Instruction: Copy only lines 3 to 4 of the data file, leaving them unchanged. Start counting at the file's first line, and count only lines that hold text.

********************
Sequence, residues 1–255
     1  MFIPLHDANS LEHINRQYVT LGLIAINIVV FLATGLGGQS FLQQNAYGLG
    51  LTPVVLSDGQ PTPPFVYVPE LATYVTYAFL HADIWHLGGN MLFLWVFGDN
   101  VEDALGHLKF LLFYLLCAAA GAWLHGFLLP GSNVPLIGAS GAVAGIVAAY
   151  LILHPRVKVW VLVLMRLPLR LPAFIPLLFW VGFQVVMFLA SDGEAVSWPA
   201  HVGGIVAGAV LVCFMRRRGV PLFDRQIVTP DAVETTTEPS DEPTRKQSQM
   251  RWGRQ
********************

    51  LTPVVLSDGQ PTPPFVYVPE LATYVTYAFL HADIWHLGGN MLFLWVFGDN
   101  VEDALGHLKF LLFYLLCAAA GAWLHGFLLP GSNVPLIGAS GAVAGIVAAY